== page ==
"If you are by nature a cheerful person and look on the bright side of things, you are more likely to be protected from cardiac events," study leader Lisa R. Yanek of the Johns Hopkins University School of Medicine said in a statement. "A happier temperament has an actual effect on disease and you may be healthier as a result."
However, Yanek warned that cheerful personalities are likely part of the temperament people are born with, not something that can be easily changed.
Some have suggested it's possible that people lucky enough to have a happy trait might be more likely to take better care of themselves and have more energy to do so. However, Yanek said her research showed people with higher levels of well-being still had many risk factors for coronary disease, but had fewer serious heart events.
Yanek and colleagues examined data from GeneSTAR, a 25-year Johns Hopkins project sponsored by the National Institutes of Health to determine the roots of heart disease. The study involved 1,483 healthy siblings of people who had coronary events before the age of 60 and who were tracked from five to 25 years. Siblings of people with early-onset coronary artery disease are twice as likely of developing it themselves, Yanek said.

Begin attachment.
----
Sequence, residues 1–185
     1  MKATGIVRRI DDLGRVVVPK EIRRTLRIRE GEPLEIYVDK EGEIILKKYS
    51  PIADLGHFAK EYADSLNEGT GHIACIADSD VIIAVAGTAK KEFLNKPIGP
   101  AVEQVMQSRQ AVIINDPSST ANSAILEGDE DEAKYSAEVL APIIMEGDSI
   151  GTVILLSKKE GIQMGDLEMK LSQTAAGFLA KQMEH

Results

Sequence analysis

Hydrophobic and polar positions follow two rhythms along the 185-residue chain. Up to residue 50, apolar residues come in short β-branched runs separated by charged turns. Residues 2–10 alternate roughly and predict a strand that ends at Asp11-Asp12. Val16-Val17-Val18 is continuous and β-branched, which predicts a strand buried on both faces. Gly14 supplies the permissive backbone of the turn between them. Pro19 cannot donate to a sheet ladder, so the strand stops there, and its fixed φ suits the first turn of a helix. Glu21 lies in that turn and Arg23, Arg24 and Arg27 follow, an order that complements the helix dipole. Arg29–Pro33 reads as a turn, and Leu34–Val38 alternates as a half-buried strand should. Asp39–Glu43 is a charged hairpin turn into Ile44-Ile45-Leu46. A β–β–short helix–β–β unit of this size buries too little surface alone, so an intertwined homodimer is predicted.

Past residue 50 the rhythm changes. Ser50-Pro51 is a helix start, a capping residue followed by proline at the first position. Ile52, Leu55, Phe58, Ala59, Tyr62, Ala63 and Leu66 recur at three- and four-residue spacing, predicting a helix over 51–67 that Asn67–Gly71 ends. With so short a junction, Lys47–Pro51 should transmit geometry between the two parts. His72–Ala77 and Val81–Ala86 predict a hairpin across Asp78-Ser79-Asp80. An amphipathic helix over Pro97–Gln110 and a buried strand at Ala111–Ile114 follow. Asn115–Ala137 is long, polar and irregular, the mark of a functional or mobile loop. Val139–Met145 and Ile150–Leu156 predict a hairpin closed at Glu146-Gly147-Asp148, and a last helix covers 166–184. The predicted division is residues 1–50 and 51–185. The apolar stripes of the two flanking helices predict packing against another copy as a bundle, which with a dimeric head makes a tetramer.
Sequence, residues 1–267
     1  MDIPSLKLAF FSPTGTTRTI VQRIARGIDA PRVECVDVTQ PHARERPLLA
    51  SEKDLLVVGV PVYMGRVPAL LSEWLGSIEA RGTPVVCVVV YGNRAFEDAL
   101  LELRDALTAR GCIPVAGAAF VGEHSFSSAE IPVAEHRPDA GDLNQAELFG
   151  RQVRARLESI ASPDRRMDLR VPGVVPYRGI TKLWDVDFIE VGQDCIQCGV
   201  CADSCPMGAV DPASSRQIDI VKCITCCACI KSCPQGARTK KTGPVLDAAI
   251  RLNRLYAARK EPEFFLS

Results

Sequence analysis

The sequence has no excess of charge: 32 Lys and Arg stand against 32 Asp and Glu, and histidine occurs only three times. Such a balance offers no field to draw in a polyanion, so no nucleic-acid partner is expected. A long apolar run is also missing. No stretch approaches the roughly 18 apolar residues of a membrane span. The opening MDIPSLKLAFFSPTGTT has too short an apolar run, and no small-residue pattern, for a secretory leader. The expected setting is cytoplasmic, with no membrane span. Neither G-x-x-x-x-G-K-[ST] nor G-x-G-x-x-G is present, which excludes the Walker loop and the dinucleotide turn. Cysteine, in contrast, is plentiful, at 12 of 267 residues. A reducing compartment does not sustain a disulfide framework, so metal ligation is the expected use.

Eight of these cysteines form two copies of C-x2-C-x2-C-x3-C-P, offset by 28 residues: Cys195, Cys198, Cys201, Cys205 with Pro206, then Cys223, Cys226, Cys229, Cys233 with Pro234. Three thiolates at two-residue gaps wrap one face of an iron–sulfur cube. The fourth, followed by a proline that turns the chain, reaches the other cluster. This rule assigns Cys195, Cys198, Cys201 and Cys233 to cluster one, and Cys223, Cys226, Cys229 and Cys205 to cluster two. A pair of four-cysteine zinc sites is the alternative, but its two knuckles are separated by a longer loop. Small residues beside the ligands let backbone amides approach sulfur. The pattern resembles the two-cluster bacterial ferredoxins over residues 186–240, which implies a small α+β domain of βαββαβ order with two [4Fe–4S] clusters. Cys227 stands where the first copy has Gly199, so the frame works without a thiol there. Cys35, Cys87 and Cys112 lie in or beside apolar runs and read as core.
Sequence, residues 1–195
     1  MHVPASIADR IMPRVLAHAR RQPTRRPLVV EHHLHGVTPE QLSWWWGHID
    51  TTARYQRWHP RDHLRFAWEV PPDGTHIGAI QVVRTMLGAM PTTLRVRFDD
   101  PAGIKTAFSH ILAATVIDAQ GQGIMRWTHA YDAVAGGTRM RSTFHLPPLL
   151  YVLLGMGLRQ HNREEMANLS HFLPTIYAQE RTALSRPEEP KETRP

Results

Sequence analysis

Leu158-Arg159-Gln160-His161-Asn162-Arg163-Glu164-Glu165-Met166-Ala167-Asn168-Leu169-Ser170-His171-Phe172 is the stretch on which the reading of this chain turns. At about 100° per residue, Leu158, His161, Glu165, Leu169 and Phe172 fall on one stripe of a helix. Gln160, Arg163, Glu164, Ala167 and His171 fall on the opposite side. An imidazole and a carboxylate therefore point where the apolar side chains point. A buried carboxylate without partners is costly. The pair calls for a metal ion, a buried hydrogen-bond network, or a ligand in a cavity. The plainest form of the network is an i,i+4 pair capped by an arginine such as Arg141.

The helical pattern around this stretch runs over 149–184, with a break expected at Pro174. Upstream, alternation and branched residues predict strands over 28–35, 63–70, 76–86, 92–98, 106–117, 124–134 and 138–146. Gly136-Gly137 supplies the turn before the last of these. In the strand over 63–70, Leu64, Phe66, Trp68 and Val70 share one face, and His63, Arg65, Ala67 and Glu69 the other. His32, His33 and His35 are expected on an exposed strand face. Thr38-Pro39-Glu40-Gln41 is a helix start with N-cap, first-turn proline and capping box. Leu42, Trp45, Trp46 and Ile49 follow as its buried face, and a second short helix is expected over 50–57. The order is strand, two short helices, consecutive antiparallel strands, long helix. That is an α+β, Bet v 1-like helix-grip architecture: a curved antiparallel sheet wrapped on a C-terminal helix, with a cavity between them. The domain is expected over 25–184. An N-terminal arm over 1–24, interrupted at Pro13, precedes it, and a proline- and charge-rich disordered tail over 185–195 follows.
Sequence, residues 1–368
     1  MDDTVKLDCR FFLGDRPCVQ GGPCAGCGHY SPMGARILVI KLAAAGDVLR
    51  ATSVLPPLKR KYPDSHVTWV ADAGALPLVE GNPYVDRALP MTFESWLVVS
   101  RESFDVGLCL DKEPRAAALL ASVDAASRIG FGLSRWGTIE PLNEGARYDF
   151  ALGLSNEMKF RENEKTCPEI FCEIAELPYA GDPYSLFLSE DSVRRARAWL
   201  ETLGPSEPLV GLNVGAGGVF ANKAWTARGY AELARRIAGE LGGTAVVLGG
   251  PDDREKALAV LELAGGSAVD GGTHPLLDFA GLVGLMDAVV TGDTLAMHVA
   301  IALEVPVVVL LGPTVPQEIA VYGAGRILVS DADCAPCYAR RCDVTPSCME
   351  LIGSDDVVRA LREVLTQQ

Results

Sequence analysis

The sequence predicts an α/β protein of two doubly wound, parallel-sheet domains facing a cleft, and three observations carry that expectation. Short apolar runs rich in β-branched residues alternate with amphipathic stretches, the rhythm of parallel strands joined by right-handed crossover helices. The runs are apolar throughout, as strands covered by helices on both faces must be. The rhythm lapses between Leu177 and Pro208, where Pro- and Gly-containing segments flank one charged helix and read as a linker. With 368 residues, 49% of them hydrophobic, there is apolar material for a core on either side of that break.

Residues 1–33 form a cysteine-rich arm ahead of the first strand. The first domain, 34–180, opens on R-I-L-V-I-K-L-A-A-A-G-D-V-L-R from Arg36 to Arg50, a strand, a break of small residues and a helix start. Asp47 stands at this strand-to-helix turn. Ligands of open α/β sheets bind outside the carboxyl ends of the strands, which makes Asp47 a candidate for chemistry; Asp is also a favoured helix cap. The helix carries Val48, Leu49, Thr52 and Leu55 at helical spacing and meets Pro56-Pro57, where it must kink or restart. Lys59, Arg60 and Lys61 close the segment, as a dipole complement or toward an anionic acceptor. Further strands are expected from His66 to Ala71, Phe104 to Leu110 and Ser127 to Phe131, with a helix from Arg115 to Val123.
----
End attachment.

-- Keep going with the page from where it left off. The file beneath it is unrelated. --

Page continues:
The study, published in the American Journal of Cardiology, found after an average 12-year follow-up, the researchers documented 208 coronary events -- heart attacks, sudden cardiac death, acute coronary syndrome, and the need for stents or bypass surgery -- in the sibling group.
The researchers found that participants' positive well-being was associated with a one-third reduction in coronary events; but among those at the highest risk for a coronary event, there was nearly a 50 percent reduction.
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